Hi hi sisters .... ahhh, I finally have a chance to write about this - Tea Ceremony. Last November cloudnine took me to the annual Chanoyu Forum (茶の湯) organized by the Urasenke School (裏千家). Urasenke is one of the 3 direct descendents of Sen no Rikyu (千利休), the 16th century historical figure whose teachings defined the philosophy of Chanoyu today. The other 2 Head-Houses are Omotesanke (表千家) and Mushakojisenke (武者小路千家), together they are called the San-Senke (三千家). If you learn Chanoyu, the chance is you will be following one of these houses.
The Urasenke House and school is located in a quiet neighbourhood (sorry, I totally forgot where it is. Cloudnine?)
We were led to this huge tatami room. Since nobody was there, I just happily charged in to claim the first spot! Then cloudnine warned me that the student in the first spot is usually asked to perform certain tasks! Yikes, too late to back out!
Of course, there's the stove, otherwise they'll be serving ice tea :)
Every tea room has an alcove which is used for displaying 3 things - scroll, flower arrangement and incense. The scroll defines the theme of the chakai (茶会) and is different every time. Remember the Ichie Ichigo - once in a lifetime - motto of Yong Joon? The theme of this tea gathering is : It's still not too late to pursue what you want to do in life. I gasped that it is so appropriate in my current situation here in Japan! In this chakai, we were observers, not guests. Apparently, the hostess and guests both have different etiquettes they have to follow. So next time if you are lucky enough to be invited to a chakai, please don't just jump into the car and head over, better study the rules before you say 'Yes' :)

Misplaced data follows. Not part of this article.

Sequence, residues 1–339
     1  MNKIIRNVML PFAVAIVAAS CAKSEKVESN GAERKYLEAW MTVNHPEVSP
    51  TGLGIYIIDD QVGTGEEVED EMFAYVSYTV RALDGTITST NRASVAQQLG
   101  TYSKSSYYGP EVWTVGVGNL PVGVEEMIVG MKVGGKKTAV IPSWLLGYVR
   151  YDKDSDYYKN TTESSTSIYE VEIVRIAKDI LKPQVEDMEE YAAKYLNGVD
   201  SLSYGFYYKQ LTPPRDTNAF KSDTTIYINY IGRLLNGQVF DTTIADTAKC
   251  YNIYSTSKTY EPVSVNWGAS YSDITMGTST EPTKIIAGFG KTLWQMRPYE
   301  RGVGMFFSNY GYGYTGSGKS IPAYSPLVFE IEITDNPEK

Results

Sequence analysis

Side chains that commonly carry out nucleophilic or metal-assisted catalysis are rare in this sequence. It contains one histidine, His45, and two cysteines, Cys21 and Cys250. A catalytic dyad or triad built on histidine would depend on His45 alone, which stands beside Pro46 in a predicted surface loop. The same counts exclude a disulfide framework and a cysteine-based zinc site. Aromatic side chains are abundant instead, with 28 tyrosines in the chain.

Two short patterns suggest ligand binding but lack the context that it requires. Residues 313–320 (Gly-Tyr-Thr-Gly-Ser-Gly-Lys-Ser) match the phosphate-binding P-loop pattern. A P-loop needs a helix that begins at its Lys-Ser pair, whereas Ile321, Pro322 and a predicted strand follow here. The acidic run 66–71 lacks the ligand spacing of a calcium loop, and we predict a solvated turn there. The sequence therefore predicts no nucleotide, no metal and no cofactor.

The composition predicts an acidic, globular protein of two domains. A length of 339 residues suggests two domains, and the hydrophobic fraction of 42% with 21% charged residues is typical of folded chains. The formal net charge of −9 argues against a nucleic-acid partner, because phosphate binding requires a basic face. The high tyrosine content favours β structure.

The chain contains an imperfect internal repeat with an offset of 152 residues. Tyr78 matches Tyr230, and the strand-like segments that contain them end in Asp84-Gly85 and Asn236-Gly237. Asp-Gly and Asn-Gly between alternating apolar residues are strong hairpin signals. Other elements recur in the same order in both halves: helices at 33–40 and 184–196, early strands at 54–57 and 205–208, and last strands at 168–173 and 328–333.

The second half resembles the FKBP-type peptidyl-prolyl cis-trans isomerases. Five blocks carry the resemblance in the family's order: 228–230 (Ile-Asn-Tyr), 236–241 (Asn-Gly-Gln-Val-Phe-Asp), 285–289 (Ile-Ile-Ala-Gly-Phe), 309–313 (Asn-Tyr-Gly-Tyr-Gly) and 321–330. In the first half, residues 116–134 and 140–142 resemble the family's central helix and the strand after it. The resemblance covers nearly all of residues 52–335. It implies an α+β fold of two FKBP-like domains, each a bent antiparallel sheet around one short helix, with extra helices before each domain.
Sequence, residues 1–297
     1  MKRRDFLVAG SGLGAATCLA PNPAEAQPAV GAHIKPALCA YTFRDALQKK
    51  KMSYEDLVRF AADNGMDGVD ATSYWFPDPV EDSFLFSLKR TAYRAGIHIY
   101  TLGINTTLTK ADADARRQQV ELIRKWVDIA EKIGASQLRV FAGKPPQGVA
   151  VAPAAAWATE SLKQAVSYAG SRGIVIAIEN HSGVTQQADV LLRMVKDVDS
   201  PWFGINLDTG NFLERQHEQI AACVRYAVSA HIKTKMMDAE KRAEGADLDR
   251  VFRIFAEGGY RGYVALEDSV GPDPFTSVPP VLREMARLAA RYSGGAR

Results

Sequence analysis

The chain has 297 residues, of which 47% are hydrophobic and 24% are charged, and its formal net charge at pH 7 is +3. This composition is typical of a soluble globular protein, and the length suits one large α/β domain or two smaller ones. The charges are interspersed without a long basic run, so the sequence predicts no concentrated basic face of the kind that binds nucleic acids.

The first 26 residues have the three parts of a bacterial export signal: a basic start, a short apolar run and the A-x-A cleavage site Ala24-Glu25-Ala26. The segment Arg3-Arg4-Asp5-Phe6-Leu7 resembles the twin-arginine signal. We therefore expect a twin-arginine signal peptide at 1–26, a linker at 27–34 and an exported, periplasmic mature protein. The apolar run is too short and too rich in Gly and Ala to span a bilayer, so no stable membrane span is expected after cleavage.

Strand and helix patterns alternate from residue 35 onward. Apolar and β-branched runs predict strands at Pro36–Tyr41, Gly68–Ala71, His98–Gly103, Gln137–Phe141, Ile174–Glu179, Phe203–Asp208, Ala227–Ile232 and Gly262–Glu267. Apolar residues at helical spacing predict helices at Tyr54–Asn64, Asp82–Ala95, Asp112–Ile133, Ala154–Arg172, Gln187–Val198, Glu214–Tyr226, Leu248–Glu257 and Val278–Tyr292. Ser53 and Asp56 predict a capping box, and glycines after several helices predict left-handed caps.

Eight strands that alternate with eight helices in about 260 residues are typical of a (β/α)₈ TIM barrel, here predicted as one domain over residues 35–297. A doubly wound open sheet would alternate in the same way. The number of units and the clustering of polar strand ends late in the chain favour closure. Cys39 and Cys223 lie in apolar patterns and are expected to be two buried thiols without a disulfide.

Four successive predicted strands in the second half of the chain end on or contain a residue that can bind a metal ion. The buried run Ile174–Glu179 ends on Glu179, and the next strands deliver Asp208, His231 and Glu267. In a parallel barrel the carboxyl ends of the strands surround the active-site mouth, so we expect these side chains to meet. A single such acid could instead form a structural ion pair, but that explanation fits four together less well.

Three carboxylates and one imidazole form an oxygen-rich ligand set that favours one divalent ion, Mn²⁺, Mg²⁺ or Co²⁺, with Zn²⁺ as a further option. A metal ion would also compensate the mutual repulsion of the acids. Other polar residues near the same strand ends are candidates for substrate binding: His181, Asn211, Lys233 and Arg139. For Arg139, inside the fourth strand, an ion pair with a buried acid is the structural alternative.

There are a few items a guest has to prepare for a chikai : linen cloth, kaishi paper, fan and more .... I'll tell you the proper terms and details when I attend my course next week, ok?
See how small these fans are (next to my handkerchief)? Cloudnine is so nice and gave me hers. The one on the right, isn't it precious?
Guests are usually dressed in kimono for specific reasons. Even the way they enter the room and move around have rules. See, this guest was kneeling and sliding her way across the room, not walking! (haha, I know what you are thinking, "she looks more like being punished than coming to enjoy her tea time" :)
She slid all the way to the tea prep area. No no, it's not self-serve tea. She was admiring the tea-ware @@
Then, the hostess came out and started boiling water and making tea.You see, that was very little interaction between the hostess and the guests, even the topics are carefully chosen.
I think guests are supposed to observe and appreciate the ritual instead of chatting their hearts out, so different from a western teatime with girlfriends :)
The hostess offered the guests some wagashi (Japanese sweets) The guests can also take time now to admire the tea-ware, usually antique or of artistic value Returned the tea bowl (with front facing out) to the hostess and arigato gozaimasu. A closer look at the wagashi, it's yummy with azuki (red beans) inside.
and matcha (green powdered tea). Told you it's not ice tea!
We had group discussion afterwards. Hehe, I was not in the pic, but my future sensei was :)
I remember one of the participants shared his experience about Chanoyu that got me interested : it brings him inner peace and calm where he can leave all the problems of life behind the paper-screened door and enters into a world of harmony and purity. I am looking forward to my Chanoyu lessons already :)